Artfully crafted, beautiful in detail and depth, The The Boy in the Rain deserves reading. I will note that it was too sexually explicit for me, so I could not read every word, however, I leapt ahead easily, skipping a few scenes throughout.
The scenes were scattered and few between, mostly focusing on the story itself. i.e. the sexual scenes added to the story without taking over the story.
Even so, the book captured me completely. This is something I have not said of a novel in a long time. It’s the sort of book you could easily stay up all night reading. Again, that is something I’ve not done in a long time.
The story is that of forbidden love in a time when such love was not only looked down upon, but illegal, resulting in two years hard time in a labor camp, with many folks dying as a result from disease, abuse, and overwork.
Mention of famous folks, like Oscar Wilde, who experienced such horrors, helped to bring into reality the painful historicity of this atrocity. Reading the story entrenches you into the emotions and feelings it involves being so bitterly rejected societally. That nothing about who you are is acceptable is a painful, moving, and enlightening experience.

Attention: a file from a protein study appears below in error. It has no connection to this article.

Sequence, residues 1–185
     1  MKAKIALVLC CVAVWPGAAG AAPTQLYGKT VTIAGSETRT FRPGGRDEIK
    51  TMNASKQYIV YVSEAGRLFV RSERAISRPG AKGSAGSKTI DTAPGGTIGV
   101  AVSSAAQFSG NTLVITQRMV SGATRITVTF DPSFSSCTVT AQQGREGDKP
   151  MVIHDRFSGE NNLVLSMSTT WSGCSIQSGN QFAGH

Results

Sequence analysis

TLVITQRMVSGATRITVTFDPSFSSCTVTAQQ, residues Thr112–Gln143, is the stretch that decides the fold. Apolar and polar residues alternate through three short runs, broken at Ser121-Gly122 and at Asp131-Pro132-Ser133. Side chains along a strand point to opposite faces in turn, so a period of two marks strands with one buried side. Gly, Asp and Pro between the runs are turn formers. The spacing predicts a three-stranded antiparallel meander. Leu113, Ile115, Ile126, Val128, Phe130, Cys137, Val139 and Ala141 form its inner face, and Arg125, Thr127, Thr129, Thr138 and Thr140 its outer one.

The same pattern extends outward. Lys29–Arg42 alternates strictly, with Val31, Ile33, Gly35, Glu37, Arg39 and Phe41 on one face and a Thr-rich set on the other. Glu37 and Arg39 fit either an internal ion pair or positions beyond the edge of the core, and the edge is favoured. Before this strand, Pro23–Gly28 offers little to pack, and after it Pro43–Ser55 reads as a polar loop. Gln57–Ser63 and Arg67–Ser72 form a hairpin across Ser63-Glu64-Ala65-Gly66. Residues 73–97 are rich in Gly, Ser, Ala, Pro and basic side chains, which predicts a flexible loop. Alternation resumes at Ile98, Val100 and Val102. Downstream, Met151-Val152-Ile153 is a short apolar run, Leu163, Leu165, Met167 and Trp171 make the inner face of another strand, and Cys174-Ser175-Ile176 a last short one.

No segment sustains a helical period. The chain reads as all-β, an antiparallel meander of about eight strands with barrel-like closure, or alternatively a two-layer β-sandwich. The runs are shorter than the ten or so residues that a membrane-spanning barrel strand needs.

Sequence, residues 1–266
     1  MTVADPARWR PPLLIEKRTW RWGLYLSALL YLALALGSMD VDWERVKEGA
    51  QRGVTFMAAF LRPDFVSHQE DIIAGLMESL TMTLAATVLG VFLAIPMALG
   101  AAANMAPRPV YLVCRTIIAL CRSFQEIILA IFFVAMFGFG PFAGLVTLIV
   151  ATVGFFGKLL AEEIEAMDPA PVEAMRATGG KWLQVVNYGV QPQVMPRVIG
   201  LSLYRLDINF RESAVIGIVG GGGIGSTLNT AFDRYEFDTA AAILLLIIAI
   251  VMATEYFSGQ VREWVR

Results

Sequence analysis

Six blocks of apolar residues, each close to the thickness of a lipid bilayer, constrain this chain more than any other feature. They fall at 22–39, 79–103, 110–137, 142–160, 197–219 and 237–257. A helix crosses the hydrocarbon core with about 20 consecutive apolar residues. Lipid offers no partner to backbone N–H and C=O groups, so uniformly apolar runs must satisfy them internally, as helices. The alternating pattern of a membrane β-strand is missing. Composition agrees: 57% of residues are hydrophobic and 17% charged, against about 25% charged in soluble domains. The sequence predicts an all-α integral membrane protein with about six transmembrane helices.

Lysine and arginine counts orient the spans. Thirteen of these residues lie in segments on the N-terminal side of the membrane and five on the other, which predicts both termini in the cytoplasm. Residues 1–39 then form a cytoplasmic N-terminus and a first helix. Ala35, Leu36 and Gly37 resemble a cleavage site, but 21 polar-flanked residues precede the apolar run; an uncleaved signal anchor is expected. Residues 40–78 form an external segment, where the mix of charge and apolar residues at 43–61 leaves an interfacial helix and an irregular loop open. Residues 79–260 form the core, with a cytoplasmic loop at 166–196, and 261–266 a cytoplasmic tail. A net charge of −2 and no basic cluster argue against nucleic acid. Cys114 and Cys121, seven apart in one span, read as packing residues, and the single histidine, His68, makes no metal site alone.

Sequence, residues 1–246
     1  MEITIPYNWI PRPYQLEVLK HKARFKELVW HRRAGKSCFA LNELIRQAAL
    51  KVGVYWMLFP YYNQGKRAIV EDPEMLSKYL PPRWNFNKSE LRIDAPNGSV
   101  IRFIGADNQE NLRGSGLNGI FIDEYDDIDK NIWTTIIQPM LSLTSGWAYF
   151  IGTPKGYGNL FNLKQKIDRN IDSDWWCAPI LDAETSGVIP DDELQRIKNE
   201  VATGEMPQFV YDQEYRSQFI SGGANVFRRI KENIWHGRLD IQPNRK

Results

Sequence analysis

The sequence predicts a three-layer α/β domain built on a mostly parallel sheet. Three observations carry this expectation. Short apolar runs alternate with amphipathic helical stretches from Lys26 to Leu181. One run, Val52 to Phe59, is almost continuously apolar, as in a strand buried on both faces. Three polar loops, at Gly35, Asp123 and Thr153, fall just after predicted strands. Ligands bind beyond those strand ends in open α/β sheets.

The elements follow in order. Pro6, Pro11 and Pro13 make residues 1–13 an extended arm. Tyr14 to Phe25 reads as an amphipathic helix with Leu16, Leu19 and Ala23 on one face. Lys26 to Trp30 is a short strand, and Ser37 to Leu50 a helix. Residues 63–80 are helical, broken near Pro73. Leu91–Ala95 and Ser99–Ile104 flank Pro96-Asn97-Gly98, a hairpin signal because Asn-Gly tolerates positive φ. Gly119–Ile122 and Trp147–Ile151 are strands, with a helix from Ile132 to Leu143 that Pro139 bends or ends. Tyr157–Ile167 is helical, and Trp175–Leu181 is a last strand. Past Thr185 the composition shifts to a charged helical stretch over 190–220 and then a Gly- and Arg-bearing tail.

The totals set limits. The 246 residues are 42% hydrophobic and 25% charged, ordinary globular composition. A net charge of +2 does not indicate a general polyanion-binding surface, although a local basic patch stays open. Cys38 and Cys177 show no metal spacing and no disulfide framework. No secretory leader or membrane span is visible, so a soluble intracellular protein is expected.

The characters filled my heart with warmth with beautiful development, largely why I embraced the reading of it, which drew me in further.
The story is a touch controversial for anyone who was raised conservatively such as I was, but nonetheless, it was challenging for me in a good way – an opportunity to embrace my beliefs more fully without compromising the story as if it were about me.
The setting is vivid and draws you in, leading you to forget that you’re not in an old painting of London and Nottingham. The characters are mostly warm and compassionate. Some are confusing, others surprising, all extremely well crafted and heartbreakingly developed.
If you can handle the slightly erotic elements and infidelity, or know how to skip them, and you want a beautiful, challenging story, this book is a high recommendation from me.
Looking for more great fiction? Check out these other MockingOwl Roost book reviews.
Editor-in-Chief of The MockingOwl Roost, Rita Mock-Pike is the granddaughter of aviatrix, Jerrie Mock, first woman to pilot an airplane solo around the world. Rita has found inspiration from her grandmother’s life and flight and pursued many of her own dreams in theatre, podcasting, novel writing, and cooking up delicious food from around the world. She now writes on food, travel, pets, faith, and the arts. She’s happily married to Matt, and faithfully serves the very fluffy kitten queen, Lady Stardust.